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September 26, 1947 - Image 4

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The Michigan Daily, 1947-09-26

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Fifty-Eighth Year

Report from Europe



Edited and managed by students of the Uni-
versity of Michigan under the authority of the
Board in Control of Student Publications.
Editorial Staff
John Campbell ...................Managing Editor
Clyde Recht ........................City Editor
Stuart Finlayson ................Editorial Director
Eunice Mintz ....................Associate Editor
Dick Kraus . .. . .................. . ... Sports Editor
Bob Lent ................. Associate Sports Editor
Joyce Johnson ................. Women's Editor
Betty Steward .........Associate Women's Editor
Business Staff
Nancy Helmick ................General Manager
Jeanne Swendeman ......... Advertising Manager
Edwin Schneider ...............Finance Manager
Melvin Tick ..................Circulation Manager
Telephone 23-24-1
Member of The Associated Press
The Associated Press is exclusively entitled to
the use for re-publication of all new dispatches
credited to it or otherwise credited in this news-
paper. All rights of re-publication of all other
matters herein also reserved.
Entered at the Post Office at Ann Arbor, Mich-
igan, as second class mail matter.
Subscription during the regular school year by
carrier, $5.00, by mail, $6.00.
Member, Assoc. Collegiate Press, 1947-48
Editorials published in The Michigan Daily
are written by members of The Daily staff
and represent the views of the writers only.

Night Editor: Joan Katz

Action on Prices?
PRESIDENT TRUMAN'S congressional
conference called for next Monday leaves
the man with prices on his mind speculating,
hopeful and somewhat dubious.
The conference is swathed in chiffon mys-
tery - no one seems to know exactly who
is attending, what the agenda will be and if
the all-important special session of Congress
will be called. Yet the amateur political
detective is doing some important guessing
and allowing himself some indulgence by
The guess is that the conference will dwell,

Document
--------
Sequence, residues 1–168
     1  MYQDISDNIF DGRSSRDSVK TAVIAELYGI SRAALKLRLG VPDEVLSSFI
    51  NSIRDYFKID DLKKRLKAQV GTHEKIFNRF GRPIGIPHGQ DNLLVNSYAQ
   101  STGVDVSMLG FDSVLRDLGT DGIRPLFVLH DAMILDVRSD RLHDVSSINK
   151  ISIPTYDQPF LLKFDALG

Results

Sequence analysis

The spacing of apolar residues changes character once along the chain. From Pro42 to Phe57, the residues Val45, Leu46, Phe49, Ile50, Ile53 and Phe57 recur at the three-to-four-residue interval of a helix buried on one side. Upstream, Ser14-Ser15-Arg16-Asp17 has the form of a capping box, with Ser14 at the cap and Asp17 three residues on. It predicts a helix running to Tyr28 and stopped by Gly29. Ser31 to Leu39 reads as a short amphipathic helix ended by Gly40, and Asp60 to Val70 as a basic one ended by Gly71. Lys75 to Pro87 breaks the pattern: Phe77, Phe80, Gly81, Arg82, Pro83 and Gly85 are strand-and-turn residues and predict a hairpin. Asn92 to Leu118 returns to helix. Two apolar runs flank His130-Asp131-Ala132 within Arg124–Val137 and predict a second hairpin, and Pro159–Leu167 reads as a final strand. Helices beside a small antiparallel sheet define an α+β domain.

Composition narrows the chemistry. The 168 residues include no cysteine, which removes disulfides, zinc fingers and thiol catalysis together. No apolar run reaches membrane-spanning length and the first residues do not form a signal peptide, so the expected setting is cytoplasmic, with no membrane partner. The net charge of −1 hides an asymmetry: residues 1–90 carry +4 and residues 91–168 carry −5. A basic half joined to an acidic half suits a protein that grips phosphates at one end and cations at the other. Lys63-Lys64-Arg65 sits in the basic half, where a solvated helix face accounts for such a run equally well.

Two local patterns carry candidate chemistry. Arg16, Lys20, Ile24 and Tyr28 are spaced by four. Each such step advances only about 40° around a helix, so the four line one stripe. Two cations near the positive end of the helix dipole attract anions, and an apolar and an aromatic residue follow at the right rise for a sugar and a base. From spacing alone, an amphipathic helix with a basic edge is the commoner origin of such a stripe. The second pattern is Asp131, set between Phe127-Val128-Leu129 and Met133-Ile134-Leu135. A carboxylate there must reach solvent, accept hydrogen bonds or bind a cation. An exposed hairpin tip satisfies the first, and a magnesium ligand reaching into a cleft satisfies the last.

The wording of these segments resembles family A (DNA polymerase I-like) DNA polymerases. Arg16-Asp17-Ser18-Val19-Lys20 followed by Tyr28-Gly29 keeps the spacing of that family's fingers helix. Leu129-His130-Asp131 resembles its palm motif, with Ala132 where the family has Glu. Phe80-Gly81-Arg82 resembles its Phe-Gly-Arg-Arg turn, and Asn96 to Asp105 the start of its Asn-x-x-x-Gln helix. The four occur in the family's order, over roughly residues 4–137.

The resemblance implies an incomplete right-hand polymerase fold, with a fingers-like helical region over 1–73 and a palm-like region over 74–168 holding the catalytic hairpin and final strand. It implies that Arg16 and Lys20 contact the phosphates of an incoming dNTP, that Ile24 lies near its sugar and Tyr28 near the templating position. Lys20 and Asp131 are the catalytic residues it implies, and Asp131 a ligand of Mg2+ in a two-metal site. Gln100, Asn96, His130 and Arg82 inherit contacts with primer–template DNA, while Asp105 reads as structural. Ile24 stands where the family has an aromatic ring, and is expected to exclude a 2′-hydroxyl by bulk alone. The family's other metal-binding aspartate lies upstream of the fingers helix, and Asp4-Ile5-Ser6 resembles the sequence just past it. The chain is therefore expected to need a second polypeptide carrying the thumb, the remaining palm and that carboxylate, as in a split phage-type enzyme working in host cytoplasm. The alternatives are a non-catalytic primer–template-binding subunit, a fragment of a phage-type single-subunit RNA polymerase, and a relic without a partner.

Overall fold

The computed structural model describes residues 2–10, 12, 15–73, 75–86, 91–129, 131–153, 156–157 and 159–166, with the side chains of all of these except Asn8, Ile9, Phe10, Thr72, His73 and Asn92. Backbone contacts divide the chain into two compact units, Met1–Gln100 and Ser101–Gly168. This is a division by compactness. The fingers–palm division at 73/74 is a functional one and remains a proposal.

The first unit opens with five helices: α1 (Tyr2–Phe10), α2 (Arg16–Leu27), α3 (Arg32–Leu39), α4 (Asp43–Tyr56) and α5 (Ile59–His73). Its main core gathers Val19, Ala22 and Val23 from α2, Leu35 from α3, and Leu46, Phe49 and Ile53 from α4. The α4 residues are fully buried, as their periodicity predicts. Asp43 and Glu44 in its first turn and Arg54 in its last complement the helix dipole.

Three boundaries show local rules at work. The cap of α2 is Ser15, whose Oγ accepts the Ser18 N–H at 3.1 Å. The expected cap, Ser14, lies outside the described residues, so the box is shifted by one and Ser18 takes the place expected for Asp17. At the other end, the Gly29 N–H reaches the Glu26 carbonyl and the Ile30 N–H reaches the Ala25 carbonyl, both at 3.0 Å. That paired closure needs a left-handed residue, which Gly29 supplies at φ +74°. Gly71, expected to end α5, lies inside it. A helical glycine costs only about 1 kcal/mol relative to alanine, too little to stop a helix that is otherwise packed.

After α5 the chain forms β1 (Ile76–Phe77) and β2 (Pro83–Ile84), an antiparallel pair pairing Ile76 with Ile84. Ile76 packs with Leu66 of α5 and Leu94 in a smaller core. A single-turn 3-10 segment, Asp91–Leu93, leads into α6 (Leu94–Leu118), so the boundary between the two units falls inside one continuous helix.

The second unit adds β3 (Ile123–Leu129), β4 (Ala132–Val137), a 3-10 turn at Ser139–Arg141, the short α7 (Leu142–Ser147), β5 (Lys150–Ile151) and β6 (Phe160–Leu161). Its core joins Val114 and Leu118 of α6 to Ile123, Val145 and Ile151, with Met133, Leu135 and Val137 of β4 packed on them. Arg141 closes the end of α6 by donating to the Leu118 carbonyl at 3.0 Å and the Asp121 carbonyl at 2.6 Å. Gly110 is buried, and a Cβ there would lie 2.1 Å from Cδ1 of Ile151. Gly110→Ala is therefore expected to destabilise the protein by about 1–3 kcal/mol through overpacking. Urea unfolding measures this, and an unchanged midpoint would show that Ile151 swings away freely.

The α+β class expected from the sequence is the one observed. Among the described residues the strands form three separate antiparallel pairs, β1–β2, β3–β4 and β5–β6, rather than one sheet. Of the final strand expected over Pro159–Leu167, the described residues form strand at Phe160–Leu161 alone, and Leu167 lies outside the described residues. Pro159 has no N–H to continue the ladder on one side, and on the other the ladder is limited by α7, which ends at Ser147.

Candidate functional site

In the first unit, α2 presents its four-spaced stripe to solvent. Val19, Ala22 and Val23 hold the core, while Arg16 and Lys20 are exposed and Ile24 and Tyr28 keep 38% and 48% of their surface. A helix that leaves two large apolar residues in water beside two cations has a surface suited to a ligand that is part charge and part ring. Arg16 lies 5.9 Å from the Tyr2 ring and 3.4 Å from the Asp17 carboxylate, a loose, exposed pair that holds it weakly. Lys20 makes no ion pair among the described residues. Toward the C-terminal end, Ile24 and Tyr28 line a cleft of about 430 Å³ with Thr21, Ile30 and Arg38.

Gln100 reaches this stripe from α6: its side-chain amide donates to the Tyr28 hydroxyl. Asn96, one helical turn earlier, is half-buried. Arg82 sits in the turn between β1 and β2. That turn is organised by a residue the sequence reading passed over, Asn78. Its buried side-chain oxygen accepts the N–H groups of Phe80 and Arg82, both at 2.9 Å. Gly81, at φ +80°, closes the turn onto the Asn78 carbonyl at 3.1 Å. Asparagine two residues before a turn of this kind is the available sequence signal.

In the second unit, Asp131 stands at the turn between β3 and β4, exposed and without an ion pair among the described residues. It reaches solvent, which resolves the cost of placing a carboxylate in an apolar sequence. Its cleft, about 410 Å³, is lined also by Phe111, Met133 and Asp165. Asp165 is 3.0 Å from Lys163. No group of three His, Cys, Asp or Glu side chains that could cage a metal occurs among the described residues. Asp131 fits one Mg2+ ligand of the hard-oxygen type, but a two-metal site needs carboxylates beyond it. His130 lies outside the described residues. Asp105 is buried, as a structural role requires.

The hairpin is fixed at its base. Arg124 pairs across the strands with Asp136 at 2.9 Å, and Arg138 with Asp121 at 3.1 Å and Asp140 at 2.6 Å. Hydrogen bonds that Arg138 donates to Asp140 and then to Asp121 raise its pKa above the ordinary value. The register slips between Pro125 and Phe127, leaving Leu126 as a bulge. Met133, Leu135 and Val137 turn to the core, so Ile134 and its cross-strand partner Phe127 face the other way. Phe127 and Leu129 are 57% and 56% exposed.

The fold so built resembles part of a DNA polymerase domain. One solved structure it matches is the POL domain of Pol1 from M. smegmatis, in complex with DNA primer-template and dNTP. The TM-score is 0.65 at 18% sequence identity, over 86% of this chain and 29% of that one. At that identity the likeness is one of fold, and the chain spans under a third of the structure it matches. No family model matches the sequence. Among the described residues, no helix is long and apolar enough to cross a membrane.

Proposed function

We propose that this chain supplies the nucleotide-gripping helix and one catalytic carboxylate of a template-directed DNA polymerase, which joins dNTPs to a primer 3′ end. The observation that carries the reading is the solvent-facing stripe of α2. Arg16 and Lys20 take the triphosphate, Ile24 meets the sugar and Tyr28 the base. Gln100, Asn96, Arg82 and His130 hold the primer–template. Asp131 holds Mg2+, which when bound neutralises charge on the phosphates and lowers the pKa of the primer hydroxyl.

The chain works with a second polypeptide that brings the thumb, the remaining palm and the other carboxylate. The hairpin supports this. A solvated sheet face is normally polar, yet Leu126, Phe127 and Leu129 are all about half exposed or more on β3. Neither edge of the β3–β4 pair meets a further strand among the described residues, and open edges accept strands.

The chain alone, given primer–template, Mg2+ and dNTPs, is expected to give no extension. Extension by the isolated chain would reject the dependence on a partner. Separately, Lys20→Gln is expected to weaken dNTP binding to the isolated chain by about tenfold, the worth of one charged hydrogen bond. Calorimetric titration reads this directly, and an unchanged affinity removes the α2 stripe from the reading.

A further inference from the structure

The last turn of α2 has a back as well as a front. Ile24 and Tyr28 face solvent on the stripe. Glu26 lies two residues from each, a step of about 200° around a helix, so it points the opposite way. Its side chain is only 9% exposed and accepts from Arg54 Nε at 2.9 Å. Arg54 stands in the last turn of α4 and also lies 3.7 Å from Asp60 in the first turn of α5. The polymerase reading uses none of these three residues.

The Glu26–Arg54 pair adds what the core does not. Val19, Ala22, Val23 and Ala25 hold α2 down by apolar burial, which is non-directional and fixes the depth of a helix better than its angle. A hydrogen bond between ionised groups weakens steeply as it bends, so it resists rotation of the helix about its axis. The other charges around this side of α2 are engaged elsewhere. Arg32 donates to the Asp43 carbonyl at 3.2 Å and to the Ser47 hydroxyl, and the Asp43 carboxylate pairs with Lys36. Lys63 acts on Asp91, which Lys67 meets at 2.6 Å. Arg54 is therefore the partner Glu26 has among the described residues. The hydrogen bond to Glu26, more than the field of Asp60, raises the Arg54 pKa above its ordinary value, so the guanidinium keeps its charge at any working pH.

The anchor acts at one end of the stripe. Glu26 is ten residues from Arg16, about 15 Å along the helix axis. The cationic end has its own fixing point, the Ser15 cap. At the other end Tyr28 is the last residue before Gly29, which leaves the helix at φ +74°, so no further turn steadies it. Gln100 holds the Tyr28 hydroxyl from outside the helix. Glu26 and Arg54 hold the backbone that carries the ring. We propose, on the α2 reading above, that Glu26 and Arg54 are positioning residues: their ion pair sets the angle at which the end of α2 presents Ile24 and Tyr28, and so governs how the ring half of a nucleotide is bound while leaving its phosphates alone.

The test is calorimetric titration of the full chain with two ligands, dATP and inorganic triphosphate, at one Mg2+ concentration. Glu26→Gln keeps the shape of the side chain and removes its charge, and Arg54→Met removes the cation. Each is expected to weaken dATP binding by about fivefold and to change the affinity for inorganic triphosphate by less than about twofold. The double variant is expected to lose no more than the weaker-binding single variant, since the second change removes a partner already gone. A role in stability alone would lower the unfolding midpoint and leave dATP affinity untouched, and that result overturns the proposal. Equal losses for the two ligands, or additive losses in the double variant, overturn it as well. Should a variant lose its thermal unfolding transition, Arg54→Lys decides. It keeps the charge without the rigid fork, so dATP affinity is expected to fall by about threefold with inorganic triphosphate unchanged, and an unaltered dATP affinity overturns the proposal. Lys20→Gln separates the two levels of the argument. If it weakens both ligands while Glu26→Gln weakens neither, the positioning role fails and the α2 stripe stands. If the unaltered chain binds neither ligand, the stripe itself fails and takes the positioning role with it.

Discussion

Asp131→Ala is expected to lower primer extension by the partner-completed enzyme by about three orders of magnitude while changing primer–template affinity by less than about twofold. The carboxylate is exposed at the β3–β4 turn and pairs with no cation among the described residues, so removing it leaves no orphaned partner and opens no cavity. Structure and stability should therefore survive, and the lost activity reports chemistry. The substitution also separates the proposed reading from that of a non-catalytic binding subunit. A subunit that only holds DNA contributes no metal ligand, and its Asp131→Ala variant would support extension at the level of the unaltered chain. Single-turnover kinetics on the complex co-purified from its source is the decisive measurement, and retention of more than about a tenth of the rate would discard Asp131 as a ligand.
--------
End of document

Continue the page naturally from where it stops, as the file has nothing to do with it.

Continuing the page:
perhaps, on the high cost of living, a fact
which is no longer lodged statistically in
Washington files. Those of us who eat and
buy clothes have drawn not too subtle com-
parisons between one of the better known
congressional leader's solution for the crisis
and one well-known French economist's, and
find something similarly lacking in both.
Prices are at the stage where we are being
hit where it hurts the most. A special ses-
sion of Congress is about due on this prob-
lem-therein lies our hope. Whether va-
cationing Congressmen experiencing high
prices will try to pull other phony solutions
or debate about who's to blame instead of
providing a realistic program of stabiliza-
tion is a question which arouses that uneasy
feeling, familiar in these days.
Though some of us feel that domestic high
prices are not as importantly related to the
European crisis as so many "experts" are
loudly protesting, nevertheless, action on the
situation in Europe is well worth a special
session. Whether we will use our power as
another weapon against the "iron curtain"
or as a sincere instrument of humanitarian
aid is another mystery.
Because we are not in a financial position
to imitate Congressional leaders, we cannot
afford to sit at home, chewing the fat and
deploring the high cost of living. The Ameri-
can people are strong enough to make their
protests count, in view of the coming elec-
tions. The sooner we act, the sooner we will
be able to make our dollars count.
-Lida Dailes
Margin of Survival
THE ADVENT of the biggest sports year
the nation has ever known, with two
million persons expected to witness Big Nine
football games alone, leads one to wonder
whether the similarity between athletics to-
day and the tremendous spectacles of an-
cient Rome is merely a superficial resem-
It is true that more people participate in
sports in this country today than anywhere
else-ever, while the popular participation in
Roman panoramas was limited to slaves and